Newspaper Archive of
The Adams County Record
Council, Idaho
January 26, 2012     The Adams County Record
PAGE 5     (5 of 10 available)        PREVIOUS     NEXT      Full Size Image
PAGE 5     (5 of 10 available)        PREVIOUS     NEXT      Full Size Image
January 26, 2012

Newspaper Archive of The Adams County Record produced by SmallTownPapers, Inc.
Website © 2019. All content copyrighted. Copyright Information.     Terms Of Use.     Request Content Removal.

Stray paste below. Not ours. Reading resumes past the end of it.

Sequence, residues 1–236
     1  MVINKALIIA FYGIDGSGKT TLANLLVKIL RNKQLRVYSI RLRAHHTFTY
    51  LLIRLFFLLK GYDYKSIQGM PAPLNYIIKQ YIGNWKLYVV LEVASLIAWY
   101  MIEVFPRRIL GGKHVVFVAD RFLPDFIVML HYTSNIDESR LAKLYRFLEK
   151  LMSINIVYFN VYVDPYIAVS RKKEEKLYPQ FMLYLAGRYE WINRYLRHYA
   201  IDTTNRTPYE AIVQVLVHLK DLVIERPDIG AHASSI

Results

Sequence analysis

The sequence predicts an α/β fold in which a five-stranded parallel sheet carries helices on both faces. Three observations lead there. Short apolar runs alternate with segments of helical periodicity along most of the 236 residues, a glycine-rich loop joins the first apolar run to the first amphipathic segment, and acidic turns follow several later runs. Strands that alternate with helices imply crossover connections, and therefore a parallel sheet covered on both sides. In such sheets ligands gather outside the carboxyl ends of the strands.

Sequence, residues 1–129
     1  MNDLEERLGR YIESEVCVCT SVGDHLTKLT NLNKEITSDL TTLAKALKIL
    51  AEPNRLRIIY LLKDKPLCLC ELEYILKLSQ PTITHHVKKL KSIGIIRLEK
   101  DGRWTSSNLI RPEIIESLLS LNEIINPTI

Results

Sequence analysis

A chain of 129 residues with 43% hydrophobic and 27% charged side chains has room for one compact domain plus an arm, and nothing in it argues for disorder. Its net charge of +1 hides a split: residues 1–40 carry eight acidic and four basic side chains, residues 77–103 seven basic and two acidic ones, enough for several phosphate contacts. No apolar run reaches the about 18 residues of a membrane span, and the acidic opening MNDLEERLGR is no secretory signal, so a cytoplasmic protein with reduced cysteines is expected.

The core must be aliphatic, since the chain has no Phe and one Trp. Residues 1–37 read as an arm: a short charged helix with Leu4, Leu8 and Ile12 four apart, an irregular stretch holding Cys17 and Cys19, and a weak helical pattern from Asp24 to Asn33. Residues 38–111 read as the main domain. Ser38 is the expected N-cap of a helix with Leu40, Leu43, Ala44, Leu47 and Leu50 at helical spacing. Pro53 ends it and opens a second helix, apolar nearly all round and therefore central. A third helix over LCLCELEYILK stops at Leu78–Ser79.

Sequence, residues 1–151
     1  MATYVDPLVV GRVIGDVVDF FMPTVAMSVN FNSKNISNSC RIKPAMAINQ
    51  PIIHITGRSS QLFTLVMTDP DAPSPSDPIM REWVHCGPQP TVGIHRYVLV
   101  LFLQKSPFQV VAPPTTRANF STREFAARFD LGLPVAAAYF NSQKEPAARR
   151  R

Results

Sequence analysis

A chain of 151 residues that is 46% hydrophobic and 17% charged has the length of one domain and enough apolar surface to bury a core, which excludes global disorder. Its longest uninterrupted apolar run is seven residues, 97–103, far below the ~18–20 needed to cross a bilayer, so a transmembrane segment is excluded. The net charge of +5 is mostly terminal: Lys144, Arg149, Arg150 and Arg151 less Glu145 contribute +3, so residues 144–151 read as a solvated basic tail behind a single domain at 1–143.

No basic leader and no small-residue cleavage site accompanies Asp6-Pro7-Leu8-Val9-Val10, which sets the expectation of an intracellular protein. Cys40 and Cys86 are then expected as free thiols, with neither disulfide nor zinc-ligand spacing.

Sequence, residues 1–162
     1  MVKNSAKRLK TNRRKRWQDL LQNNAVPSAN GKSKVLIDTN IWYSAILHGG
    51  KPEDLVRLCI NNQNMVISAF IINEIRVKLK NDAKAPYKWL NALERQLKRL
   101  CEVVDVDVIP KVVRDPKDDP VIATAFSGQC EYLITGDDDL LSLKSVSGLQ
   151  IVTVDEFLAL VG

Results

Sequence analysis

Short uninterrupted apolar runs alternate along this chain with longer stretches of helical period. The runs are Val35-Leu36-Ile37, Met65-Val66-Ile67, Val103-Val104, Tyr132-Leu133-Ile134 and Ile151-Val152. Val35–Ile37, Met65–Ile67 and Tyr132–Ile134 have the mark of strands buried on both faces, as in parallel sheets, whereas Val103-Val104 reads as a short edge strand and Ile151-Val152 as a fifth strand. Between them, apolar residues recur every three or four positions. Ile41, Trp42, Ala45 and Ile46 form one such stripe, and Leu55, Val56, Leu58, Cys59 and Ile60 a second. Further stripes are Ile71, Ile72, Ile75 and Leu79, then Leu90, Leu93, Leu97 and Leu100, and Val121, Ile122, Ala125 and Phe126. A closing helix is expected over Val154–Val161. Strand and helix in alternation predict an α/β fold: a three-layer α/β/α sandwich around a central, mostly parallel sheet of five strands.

The Adams County Record Wednesday, January 25, 2012 Page 5 Oo*e and Bloody Mouth Continuing with the snow by night. And no I not only knew that did not stop, and I fired story told by California one could possibly cross I was being closely fol- instantly. I do not miss poeL Joaquin Miller. in it by day, as I have lowed by beasts, but I my aim with a pistol. the San Francisco Call explained, knew they were black; There is more than one newspaper, July 1892: The snow on either and I knew there were man besides myself, I knew my brother side of the narrow steep three of them; and I however, to tell that. was waiting, never so and dark trail reached knew they were not The gaunt, ugly beast anxiously, at the other my armpits: often my down in the trail. I did threw his head around, end of the road. I knew hat rim. I got to the top not know what they snapped viciously at a he came out every night exhausted, dazed---in were. But the one thing companion, and then as far as the foot of Dead fact dizzy---from walk- that most startled me sprang twice or thrice Horse Hill. three miles. I ing, climbing, cork- was the ghostly fact that around, rolled down and could shout to him from screwing that black and they made no noise. A was dead. the top of Dead Horse slippery serpent, dog makes a scratch- Five hundred yards Hill. a mile. and he could My both hands were ing sort of noise on the more and I would be on shout back. so that in bleeding from contact snow crust as he moves the top of Dead Horse fact I had only 10 miles with. the sharp edges of over it. A bear's claws Hill and could be heard. up and over the great the walls of snow, and will rattle like bones on I ran. I flew. I tried to black spur of Mount I had long since stuck the snow as he walks; shout as I ran, but feel- Idaho to make alone, my pistol in my belt to all beasts, in fact, except ing my voice gone. I But it was hard, steep, surely keep the powder those of the cat family, wheeled about, a derrin- slick as glass in places, dry. But only three miles can be heard on occa- ger in my light hand, and for all this was passable, more and I would halt sions like this. But these blazed away. The shaggy so many feet polished and shout above the black and ghostly beasts brute fell, but was up these icy steps by day; pine tops down Dead were as noiseless as are and on me instantly, no one daring to try the Horse Hill, and I knew I the dead. ahead of the other one. pass by night for fear of would have an answer! I found myself almost You see my right hand sudden storms in which I felt there was some- flying, six-shooter in is not strong or steady. at least a dozen men had thing behind me; I had hand, for the summit Using the other I struck already died right along not turned my head. was in sight; and the him in the teeth with here. I was too nearly dizzy top was almost bare of my six-shooter; no time It was only the dread- already, and all my snow, swept by cyclon- to shoot now. These ed Camas Prairie, now sense and strength was ic tempests. I sprang old pistols were a good far behind me, that cut now in demand for the on, on, up, out of my arm indeed; better than them off so entirely from next few last miles. So chasm of snow, and the new ones. But you the world. For no one, I knew I had not looked wheeled about. There had to take time to cock not even an Indian, back. they came-- three--- as them, and it took two would cross the sea of I had seen them. They hands to do it; and then The newspaper story contained this illustration , ththe caption, 'he wounded wolf seized my left hand in his long and bloody mouth."* ' , Garden Comer Council Valley Free Library_ Book Shelf New Books at the Council Library Adult Fiction: Murder Packs a Suitcase by Cynthia Baxter Ghost Town by Rachel Caine Spider Web by Earlene Fowler A Devil Is Waiting by Jack Higgins Down The Darkest Road by Tami Hoag Shadow Heir by Richelle Mead Wyoming Tough by Diana Palmer On Lavender Lane by JoAnn Ross D.C. Dead by Stuart Woods Non Fiction: I Steve by Steve Jobs Try A Peppermint Patty in January also available low fat, low carb & no sugar $13 .00 oz Latte 4, 253--4309 7:30AM-1PM MON-FRI * 8AM - 2PM SAT Jeep Parts and Service Open On Saturday i We service all makes and models Quality Service Award Winning Factory Trained Technician Big City Selection All At One Location STEVE HO00IETOWN IT!O00Ol00 :  : : : Phone (208) 549-3310 - Toll Free (800) 658-5080 602 Highway 95 Weiser, Idaho 83672 Hannibal F. Johnson was known as the Seven Devils poet. He had at least one mining claim on Rapid River. His brother, Pleasant W. Johnson, was Council's mayor in 1905. the long barrel made the pistol useless in a hand to hand fight. But now the horrible part of the whole story happened. The wedge which holds the pistol together by sad misfortune struck the teeth of the brute and flew out, leaving only the useless butt of the pistol in hand The wounded wolf seized this left hand and piece of pistol in his long and bloody mouth, and held on like death. I got the other der- ringer out, but the other wolf smelt blood, and thrusting his nose in, I gave this brute the bullet, and he fell like a stone. Victory! for the other let go, as he couldn't swallow the pis- tol, and I tore the air with my yells as I sprang forward and down the Planning Your Pi(mtings all summer to correct the bend. This winter I am going to try to be more vigilant. I trimmed all the lower branches from the evergreens last spring, higher than the deepest snow had been. I figured it would be better to be pruned severely with a sharp tool than to have their arms ripped off leaving gaping wounds. When I've got the snowshoes strapped on I will go out and knock the snow off of them. Foundation plantings require planning in this area because of the snowfall. Back in Washington a person could heel in a few rhododendrons under the eaves and in short order have a nice blooming background against the house. Here, a person needs to take into consideration where the snow is going to slide off the roof. Valleys channel tons of snow, ice and rain, gouging soil away from roots, breaking branches, flattening shrubbery. I'm still trying to find the best plants to cover January 23, 2012, snow at lastl Yesterday the dogs and I walked under clear blue skies accompanied by the trills of red -winged blackbirds. It was lovely March weather, we enjoyed every minute of our jaunt, but I am so happy to see pristine, white, lovely snow. So much nicer than mudl As soon as I click "send" on this column, I'm getting out the skis and snowshoes. I was seeing box elder bugs and other newly hatched insects in the house. The false spring had them fooled. Maybe we'll see fewer bugs when our real spring rolls around. That wouldn't break my heart. Meanwhile, the blackbirds have skedaddled or hunkered down. Last year a couple of my skyrocket junipers were deeply bowed by a wet snowfall. Lower branches got ripped off by the snow burden and even after the snow melted the trees didn't straighten out for a long time. I had to prop one up with a two-by-four Sha00 1:h200 II Sale the foot-and-a-half of exposed foundation wall. I have day lilies in one corner, hollyhocks against the garage wall, and beneath one particularly troublesome valley I finally plopped in some rhubarb, for lack of a better idea. I think the Russian sage will work on the south side of the house, even at the drip line of the eaves, since it needs to be cut back in the spring anyway. Yarrow can take it, too. Anything that's going to be cut back or that is okay dying back to the ground seems to be just fine under a ton of snow. At my house, it's a north-west facing comer that is my biggest challenge. It stays under snow the latest, and then is suddenly exposed to summer heat as the sun moves north. I've worked lots of peat moss and gypsum into the soil to try to keep it friable but still it stays soggy, soggy, soggy, then suddenly dries out and cracks. It's a tangled mish- mash of ground cover, columbine, Siberian iris, other things I forgotten the names of as I keep attempting some kind Wednesday February 1st, 2012 Sale starts at 1 pm Shaw Sale Barn 1.5 miles south and 3 miles west Notus, Idaho 80 two-year-old Hereford bulls All bulk semen tested Sight unseen purchases are fully guaranteed Call or e-mail for sale catalog Tim: 208-484-9162 Tom: 208-278-9040 steep hill, till I literally fell into the arms of my brother and his friends. Yes, they had heard the first shot, and had been shouting and yell- ing all the time as they climbed as fast as they could up the Dead Horse Hill to meet me. But the wind was blowing, and then my heart had been beating like mad. That is all. And if you want more of the details of this inci- dent go to P. W. Johnson, 34 Montgomery street, San Francisco, who was one of the rescu- ing party that night with my brother. He is at the head of the Yaquina Bay Transportation Company, is entirely reli- able and probably does not find it as unpleasant to recall the ugly night as I do. by Myrna Weikal mweikal @mtecom. net 355-5829 of order there. It isn't pretty, but it's a work in progress. I make no apologies. If you are landscaping around a new house, or just thinking about changing your landscape plan, this is a good time to lay it out on paper. Go out and look where the snow slides off the roof and how far from the house it lands. That's as important in this area as soil and sun. I was given some good advice years ago by a landscape professional: start with the big things first. Trees (not too close to the house!); then shrubs; then when they are established you can fill in with all the fun stuff. To do it right we should take a full cycle of seasons to work out what should go where. But who ever does it right the first time around? Not I. One last thing before I go back outside. Wendy, thanks for your kind words. I'm pleased that you enjoy reading this column as much as I enjoy writing it. As always, I love to hear from readers, mweikal@, 355-5829 Super Bowl Party February $1 One: :Eye Ja ck ' s i INORDINARY ? ........................... 208-253-4951 imil  II1 iH|IiI!lli|t  t/16 ,IHi;llllnlii lmllglilg l |